Show Less

Contemporary Chinese Aesthetics

Series:

Edited By Zhu Liyuan and Gene Blocker

This book is a collection of translations of recent work by contemporary Chinese aestheticians. Because of the relative isolation of China until recently, little is known of this rich and ongoing aesthetics tradition in China. Although some of the articles are concerned with the traditional ancient Chinese theories of art and beauty, many are inspired by Western aesthetics, including Marxism, and all are involved in cross-cultural comparisons of Chinese and Western aesthetic traditions.

Prices

Show Summary Details
Restricted access

Zhuangzi and Chan Buddhism: Li Zehou 143

Extract

Zhuangzi and Chan Buddhism Li Zehou In The Records of the Historian (Siziji) Sima Qian discussed Laozi, Zuangzi, Shen Buhai and Han Feizi all in one biographical essay. It is easy to explain why Laozi and Han Feizi were placed together; both were social and political philosophers and there were points of continuity in their ideas on political intrigue. The insertion of Zhuangzi in between the two, however, seems less obvious. Zhuangzi and Laozi had affinities and continuities, but their fundamental characteristics are far from similar. Laozi's political philosophy represented a positive approach to the world; Zhuangzi's metaphysics demanded detachment from the world. Unlike Laozi and other philosophers, Zhuangzi seldom seriously considered the principles of "governing states and pacifying the world." He was more concerned about another set of principles-equalizing the self and things, equating life and death, transcending gain and loss, and caring for the body in the effort to attain long life. Sima Qian, however, had good reasons for placing Zhuangzi together with Laozi and Han Feizi. Zlzuangzi contains many indignant remarks concerning society and political conditions. In this respect Zhaungzi was, indeed, a direct descendant of Laozi. The condemnation of benevolence and righteousness, the denunciation of Confucianism and Mohism, and the advocacy of "the renunciation of sagehood and the discarding of wisdom" (a return to a primitive state) "essentially should all be attributed to Laozi's earlier sayings." In the Qin (221-207 BC) and Han (206 BC-220 AD) dynasties, when political philosophy was pre-eminent and genuinely speculative and...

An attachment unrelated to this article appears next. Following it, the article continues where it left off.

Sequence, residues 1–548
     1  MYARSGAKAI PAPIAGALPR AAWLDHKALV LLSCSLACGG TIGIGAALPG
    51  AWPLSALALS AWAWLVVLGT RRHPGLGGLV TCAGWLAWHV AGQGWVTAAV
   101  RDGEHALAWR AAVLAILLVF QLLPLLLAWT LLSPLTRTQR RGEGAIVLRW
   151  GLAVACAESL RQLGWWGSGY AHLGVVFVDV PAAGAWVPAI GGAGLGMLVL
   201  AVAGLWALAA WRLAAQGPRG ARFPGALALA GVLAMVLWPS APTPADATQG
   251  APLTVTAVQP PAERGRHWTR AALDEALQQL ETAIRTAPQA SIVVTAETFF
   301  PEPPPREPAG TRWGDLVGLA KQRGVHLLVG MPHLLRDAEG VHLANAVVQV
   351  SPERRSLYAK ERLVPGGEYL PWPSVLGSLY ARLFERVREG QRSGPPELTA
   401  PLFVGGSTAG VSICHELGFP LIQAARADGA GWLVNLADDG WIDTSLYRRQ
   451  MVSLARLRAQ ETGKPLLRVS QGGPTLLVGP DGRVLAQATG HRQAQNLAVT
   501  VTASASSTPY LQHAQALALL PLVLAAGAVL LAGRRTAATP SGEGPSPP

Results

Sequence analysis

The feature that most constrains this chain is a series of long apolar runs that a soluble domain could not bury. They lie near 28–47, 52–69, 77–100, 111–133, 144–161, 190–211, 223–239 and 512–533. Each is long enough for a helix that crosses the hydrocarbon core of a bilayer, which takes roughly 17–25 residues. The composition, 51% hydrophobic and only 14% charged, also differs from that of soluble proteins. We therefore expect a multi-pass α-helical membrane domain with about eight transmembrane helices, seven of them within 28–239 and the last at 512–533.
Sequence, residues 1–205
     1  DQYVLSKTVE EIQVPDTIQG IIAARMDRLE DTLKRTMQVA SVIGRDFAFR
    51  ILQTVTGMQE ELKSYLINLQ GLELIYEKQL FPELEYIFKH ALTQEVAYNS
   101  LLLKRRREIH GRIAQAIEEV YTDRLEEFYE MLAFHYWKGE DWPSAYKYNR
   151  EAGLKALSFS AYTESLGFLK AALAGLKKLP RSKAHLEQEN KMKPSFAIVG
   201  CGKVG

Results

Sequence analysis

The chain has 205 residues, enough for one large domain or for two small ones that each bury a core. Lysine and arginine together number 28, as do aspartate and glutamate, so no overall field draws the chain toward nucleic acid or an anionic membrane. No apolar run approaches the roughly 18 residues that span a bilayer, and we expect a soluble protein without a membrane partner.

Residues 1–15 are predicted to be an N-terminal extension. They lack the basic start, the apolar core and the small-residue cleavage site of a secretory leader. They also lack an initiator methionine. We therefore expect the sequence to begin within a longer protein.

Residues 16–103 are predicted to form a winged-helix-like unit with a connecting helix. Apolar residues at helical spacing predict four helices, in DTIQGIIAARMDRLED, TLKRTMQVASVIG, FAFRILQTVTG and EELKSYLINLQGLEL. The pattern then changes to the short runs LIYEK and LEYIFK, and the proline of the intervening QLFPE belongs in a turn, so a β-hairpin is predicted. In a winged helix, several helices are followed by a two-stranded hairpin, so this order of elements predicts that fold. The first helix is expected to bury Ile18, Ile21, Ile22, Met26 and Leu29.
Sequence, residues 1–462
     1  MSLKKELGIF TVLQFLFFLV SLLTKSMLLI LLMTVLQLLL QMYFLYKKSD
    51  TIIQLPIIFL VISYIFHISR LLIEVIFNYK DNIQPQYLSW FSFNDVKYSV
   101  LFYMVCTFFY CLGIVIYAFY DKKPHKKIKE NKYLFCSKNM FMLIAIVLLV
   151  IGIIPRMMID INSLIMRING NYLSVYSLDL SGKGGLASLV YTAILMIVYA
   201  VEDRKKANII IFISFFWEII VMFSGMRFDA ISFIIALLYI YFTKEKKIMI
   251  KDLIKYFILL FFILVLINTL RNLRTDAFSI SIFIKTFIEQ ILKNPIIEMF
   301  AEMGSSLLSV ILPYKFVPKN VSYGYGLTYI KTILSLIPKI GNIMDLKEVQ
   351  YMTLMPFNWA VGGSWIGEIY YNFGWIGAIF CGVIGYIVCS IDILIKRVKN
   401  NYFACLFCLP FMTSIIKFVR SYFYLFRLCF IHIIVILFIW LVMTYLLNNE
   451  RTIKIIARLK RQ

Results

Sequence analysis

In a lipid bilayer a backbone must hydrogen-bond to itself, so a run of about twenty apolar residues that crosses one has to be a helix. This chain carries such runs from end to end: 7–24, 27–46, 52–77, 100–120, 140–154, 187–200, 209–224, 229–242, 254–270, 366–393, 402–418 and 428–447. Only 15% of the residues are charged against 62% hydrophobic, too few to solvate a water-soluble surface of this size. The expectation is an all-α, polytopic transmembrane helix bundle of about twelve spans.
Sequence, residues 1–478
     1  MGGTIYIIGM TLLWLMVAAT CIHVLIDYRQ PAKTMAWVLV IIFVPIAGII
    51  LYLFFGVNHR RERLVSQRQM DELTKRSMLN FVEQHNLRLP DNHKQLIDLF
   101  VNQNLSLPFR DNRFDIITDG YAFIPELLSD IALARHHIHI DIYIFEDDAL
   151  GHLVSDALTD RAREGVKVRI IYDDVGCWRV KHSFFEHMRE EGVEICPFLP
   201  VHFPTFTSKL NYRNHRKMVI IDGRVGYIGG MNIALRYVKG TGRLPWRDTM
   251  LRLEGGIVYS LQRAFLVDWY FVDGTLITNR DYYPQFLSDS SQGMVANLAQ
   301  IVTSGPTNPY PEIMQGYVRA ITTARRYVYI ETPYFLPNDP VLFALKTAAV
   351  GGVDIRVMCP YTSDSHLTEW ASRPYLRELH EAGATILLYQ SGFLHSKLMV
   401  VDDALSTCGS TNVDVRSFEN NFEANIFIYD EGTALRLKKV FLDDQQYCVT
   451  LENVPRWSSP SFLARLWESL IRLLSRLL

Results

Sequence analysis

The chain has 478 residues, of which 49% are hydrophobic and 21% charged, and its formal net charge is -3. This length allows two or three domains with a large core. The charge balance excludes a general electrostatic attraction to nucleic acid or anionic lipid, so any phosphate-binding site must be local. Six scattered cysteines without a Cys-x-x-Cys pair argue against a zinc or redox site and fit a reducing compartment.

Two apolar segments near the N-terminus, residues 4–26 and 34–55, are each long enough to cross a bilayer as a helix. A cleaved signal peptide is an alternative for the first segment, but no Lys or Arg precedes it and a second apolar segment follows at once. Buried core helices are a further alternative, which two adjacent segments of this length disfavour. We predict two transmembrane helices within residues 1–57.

You are not authenticated to view the full text of this chapter or article.

This site requires a subscription or purchase to access the full text of books or journals.

Do you have any questions? Contact us.

Or login to access all content.